Australia politics live: climate bill debate begins ahead of Greens announcing position; Albanese announces defence review

Anthony Albanese and Richard Marles announce defence review

The prime minister and defence minister are announcing the latest review into the defence force.

Anthony Albanese says:

I have commissioned this review to ensure that Australia has the necessary capability to defend ourselves in the most complex strategic environment we have encountered as a nation in over 70 years.

It’s for this reason we have appointed former minister for defence and former foreign affairs minister Professor Stephen Smith, and the former chief of the defence force, Sir Angus Houston, to lead the review.

Professor Smith and Sir Angus bring a unique blend of knowledge and experience to their role as independent leads. Their depth of expertise will be invaluable in the informing this review.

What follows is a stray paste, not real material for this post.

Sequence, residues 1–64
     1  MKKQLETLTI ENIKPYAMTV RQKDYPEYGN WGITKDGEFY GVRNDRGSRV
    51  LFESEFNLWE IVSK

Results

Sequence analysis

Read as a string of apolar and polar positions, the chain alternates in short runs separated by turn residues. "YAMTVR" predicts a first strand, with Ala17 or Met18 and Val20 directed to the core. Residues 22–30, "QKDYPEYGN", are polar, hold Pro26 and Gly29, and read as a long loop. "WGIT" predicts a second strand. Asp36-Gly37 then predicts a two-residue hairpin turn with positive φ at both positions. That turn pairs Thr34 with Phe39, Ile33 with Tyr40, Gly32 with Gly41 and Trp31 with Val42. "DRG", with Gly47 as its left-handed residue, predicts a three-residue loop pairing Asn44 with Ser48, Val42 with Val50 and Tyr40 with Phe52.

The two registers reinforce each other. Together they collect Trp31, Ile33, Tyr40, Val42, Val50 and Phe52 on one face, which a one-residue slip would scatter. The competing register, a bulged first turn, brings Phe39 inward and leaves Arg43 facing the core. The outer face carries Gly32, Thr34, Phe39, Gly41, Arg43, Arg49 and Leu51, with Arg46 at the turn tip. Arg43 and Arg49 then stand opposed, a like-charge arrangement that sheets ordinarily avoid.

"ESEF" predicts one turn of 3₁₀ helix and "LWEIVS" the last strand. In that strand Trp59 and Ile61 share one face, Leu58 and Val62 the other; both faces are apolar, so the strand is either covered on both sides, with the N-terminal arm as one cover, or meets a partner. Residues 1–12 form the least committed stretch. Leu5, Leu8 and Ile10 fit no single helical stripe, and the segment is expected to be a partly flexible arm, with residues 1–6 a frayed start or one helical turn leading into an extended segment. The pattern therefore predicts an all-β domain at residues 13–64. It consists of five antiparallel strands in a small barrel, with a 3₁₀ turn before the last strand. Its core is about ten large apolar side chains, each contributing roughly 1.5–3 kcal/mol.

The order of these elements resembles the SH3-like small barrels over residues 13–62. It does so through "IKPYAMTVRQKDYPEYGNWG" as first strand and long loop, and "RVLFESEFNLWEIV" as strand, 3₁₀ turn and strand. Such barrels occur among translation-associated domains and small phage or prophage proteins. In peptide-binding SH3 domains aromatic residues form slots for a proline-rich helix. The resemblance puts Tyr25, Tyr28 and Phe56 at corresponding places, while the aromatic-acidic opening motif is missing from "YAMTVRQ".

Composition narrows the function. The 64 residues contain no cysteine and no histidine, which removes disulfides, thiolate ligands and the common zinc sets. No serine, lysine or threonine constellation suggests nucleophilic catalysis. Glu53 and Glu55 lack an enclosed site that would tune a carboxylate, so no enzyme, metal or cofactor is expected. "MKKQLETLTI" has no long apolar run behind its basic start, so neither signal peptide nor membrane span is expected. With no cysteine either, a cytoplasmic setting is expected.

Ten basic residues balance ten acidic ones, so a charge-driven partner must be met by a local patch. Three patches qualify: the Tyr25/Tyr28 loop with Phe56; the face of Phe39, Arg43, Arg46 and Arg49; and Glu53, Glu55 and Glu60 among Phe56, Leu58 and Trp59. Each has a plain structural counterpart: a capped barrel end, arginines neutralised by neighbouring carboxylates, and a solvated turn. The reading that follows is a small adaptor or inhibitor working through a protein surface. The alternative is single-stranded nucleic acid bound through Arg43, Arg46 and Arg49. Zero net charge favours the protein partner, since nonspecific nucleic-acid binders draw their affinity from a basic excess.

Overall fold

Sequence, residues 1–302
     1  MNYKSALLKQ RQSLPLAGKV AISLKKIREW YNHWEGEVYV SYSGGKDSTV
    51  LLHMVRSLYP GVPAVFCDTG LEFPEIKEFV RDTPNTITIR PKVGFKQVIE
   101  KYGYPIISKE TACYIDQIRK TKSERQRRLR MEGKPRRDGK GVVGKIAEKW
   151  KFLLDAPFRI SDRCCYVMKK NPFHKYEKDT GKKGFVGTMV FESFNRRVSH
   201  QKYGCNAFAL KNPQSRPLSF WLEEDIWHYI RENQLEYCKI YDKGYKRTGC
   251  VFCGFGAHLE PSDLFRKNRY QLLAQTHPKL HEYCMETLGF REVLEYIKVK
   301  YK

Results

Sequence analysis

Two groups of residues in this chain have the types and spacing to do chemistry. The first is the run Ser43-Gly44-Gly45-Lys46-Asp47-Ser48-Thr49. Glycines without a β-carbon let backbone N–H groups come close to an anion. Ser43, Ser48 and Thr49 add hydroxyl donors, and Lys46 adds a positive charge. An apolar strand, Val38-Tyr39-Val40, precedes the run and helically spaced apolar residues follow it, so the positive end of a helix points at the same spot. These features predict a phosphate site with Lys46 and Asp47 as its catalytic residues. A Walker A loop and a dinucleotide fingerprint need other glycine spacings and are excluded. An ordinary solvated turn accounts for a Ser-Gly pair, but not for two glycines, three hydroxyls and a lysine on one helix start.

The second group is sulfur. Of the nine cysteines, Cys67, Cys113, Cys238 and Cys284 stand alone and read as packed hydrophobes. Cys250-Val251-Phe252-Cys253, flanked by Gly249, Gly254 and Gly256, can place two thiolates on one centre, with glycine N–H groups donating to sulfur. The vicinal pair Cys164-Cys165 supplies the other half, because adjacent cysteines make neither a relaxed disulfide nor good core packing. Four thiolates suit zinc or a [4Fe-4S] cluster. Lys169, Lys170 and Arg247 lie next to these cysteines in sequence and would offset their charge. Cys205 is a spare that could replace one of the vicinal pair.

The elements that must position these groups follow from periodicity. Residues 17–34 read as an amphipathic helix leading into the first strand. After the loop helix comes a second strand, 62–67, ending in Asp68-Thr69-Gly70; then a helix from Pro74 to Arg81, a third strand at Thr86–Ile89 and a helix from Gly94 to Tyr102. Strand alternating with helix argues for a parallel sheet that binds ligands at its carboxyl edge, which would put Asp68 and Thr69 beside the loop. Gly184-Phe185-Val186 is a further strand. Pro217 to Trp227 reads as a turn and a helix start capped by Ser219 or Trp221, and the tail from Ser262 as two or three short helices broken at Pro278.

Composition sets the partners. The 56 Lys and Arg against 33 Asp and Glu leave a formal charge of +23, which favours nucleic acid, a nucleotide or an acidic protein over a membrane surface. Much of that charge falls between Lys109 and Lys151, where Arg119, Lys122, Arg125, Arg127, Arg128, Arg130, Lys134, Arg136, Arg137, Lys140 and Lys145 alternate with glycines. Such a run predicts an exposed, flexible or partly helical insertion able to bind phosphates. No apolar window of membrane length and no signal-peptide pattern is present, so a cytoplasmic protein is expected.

Key events

If your child is eligible for a vaccine for under five year olds – don’t try and make an appointment just yet. More information is to come before the program is rolled out next month.

Eden Gillespie

Eden Gillespie

Queensland’s Attorney-general says the state government will introduce a bill before the end of the year to better recognise trans and gender diverse people on their identity documents.

Attorney-general Shannon Fentiman told budget estimates on Wednesday that Queensland is the only state which requires trans people to undergo gender affirmation surgery before updating the gender marker on their identity documents.

That is one of the key reforms we are continuing to consult on for this bill,” she said.

Fentiman said the government was also consulting on whether the proposed changes would include non-binary people.